29 April 2015

What are the opportunities presented by shared parental leave?

Shared parental leave will apply to British couples whose child is born after 5 April 2015. We look at the opportunities this presents employers and its positive effect it can have on employee engagement.

Back in 1974, Sweden pioneered the introduction of paid parental leave for both mothers and fathers.

Today, according to the UN’s International Labour Organization, 66 countries have adopted legislative provisions on shared parental leave – mostly in the developed economies, Eastern Europe and Central Asia.

Now the UK is enshrining shared parental leave (SPL) in its employment law, benefiting those parents whose child is born after 5 April 2015.

Shared parental leave around the world
• 36 countries out of the 66 offer paid parental leave
• 18 countries offer cash benefits that match two-thirds or more of a worker’s previous earnings
• The remaining countries offer lower levels of support, including flat rate benefits

Take-up in the UK
More people than initially expected are likely to take up SPL. Linklaters solicitors found that 63% of people surveyed said they were either interested or very interested in taking up the new right. Government estimates had been up to 6%.

Planning ahead
Whichever way SPL is structured, one proviso is constant: all employers offering it need to accommodate a high number of employees taking various short time periods away from their jobs.

This contrasts with planning for maternity leave, whereby fewer employees take longer periods away.

In the UK, SPL will entitle parents to three interchangeable blocks of leave at as little as one week.

Benefits to business
One of the most powerful arguments for SPL is the positive ripple effects it has on women’s opportunities in the workplace. In Sweden, says the Economist, women have seen both their incomes and levels of happiness rise. But the gain goes far further. SPL can also benefit employees who aren’t parents, which can help grow and improve the business overall...

  •  Impact on recruitment

Parental leave policies will play a far bigger part in recruiting employees, who will be weighing up the benefits of a potential workplace. It’s important that SPL is well communicated and can be used as a tool to attract the best talent.

  • Skilled-up workforce

No longer do colleagues have to wait for a co-worker’s maternity leave for the chance to try out another skill or position higher up the ladder. Instead, more frequent absences offer more frequent opportunities for upskilling, resulting in a more widely and highly skilled workforce. Potential candidates for future roles can be identified specifically so they can ‘act up’ when openings arise.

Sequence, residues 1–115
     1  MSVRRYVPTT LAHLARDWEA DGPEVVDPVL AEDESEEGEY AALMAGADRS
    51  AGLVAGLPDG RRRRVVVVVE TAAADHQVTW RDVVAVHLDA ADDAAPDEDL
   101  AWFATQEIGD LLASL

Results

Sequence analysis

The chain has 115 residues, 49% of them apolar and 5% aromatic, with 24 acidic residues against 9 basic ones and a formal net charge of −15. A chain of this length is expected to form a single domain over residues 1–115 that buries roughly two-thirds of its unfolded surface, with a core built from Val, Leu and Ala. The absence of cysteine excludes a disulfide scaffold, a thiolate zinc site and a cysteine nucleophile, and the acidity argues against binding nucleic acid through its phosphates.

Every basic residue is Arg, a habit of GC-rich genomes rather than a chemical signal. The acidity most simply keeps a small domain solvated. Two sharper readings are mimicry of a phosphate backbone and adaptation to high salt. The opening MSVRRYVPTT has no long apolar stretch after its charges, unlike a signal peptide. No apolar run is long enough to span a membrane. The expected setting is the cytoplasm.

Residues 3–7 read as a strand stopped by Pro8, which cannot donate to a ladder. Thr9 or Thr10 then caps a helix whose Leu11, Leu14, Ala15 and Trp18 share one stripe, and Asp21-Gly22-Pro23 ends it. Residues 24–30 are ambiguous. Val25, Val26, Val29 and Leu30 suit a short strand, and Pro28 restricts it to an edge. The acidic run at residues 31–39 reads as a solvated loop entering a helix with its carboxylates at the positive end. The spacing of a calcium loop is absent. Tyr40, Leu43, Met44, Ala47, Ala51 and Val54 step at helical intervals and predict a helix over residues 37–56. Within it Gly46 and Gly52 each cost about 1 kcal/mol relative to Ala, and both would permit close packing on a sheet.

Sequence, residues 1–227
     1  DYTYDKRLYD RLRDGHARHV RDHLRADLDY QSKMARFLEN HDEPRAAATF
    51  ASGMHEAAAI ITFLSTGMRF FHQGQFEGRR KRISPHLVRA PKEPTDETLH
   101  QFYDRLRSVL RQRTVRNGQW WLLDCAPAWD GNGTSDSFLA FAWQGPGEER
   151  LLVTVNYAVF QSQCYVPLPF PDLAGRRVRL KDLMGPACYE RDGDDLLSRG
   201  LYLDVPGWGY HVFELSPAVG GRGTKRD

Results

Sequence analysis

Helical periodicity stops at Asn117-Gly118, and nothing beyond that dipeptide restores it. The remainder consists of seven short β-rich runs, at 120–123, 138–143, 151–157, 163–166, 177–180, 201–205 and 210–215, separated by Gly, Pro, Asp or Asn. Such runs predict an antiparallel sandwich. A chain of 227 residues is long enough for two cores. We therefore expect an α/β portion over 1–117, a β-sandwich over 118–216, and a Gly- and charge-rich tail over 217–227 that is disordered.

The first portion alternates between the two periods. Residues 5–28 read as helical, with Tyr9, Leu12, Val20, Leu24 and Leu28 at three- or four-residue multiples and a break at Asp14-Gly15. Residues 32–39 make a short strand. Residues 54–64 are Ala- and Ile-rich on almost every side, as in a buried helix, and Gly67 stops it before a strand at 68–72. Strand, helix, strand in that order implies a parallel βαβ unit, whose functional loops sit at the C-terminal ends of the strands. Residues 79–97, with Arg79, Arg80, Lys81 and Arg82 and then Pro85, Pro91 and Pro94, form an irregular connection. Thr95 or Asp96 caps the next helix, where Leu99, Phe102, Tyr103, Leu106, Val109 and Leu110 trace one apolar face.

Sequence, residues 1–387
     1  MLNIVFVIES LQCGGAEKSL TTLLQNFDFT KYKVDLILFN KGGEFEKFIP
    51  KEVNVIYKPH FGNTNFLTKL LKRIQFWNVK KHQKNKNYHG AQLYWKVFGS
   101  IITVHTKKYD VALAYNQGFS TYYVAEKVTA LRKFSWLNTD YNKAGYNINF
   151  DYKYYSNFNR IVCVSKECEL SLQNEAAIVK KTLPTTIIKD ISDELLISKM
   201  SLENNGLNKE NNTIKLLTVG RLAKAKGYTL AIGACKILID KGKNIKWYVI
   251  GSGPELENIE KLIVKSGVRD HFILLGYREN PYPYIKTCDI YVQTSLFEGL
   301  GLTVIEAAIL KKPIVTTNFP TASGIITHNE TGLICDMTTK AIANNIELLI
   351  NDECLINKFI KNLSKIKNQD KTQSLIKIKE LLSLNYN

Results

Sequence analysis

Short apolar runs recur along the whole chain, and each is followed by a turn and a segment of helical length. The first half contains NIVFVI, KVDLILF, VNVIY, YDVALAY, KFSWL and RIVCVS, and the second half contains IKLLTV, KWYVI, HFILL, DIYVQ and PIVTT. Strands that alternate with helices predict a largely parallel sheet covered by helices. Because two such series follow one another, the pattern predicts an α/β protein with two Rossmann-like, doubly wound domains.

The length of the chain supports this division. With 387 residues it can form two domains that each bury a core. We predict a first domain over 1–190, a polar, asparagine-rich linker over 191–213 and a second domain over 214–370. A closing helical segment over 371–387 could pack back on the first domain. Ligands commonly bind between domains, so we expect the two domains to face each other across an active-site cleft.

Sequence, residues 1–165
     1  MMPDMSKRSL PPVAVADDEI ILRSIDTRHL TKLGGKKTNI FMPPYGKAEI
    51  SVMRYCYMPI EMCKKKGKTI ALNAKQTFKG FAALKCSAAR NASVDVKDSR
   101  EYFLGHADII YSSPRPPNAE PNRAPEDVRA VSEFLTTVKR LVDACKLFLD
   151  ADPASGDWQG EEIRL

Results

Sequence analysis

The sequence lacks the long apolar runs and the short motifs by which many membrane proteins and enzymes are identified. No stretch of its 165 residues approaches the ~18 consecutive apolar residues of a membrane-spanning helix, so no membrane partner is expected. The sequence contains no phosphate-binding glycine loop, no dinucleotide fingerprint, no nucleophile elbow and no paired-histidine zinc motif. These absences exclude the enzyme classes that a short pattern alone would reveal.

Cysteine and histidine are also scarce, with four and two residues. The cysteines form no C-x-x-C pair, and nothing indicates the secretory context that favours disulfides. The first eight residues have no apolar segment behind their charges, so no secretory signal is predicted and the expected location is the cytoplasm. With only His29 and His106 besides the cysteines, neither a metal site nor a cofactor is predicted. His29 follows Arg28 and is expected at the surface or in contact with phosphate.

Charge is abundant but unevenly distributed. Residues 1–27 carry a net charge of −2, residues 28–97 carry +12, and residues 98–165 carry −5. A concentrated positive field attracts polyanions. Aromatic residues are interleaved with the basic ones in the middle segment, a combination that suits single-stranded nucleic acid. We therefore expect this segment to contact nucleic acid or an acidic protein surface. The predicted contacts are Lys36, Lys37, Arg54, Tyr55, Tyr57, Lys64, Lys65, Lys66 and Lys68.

• Knowledge sharing

Parental leave, if well-managed, can build knowledge sharing across an organisation. When colleagues are away, more people get sight of tasks or projects. This creates more opportunities for better cohesion, empowerment and engagement.

  •  Links to labour market retained

Employees will not lose their skills, nor will employers lose skilled people, as both parents can keep strong links with the labour market when baby-caring responsibilities are shared. The UK’s government’s 2014 impact assessment on the introduction of SPL listed this as a key policy objective and intended effect.

  • Board diversity and performance

Finally, with women no longer being perceived as a potential higher ‘cost’ to companies than men, and with less disruption to their careers, women may at last become more represented on boards in senior management positions.

Companies may be able to fulfil both their diversity and performance aspirations. According to McKinsey’s annual report, Women Matter, companies with a strong female representation at board and top management level perform better than those without.



http://www.ilo.org/wcmsp5/groups/public/---dgreports/---dcomm/documents/publication/wcms_242617.pdf - for stats about SPL round the world


https://www.gov.uk/government/publications/shared-parental-leave-impact-assessment-revised-cost-to-business - for information about impact  assessment of SPL in the UK


http://www.linklaters.com/Insights/sharedparentalleave/Pages/Index.aspx - for information about take-up in UK and factors influencing take up


http://www.economist.com/blogs/economist-explains/2014/07/economist-explains-15 - information about Swedish SPL


http://www.acas.org.uk/media/pdf/1/c/Shared-Parental-Leave-a-good-practice-guide-for-employers-and-employees.pdf - for information about how SPL will work in the UK – the details.


http://www.mckinsey.com/features/women_matter for information about women in top positions and performance


http://www.hrzone.com/blogs/andy-philpott/performance-through-reward-and-benefits/shared-parental-leave-opportunity-disgui - background


http://www.hrreview.co.uk/analysis/analysis-employment-law/shared-parental-leave-throwing-the-baby-out-with-the-bath-water/52484 - background

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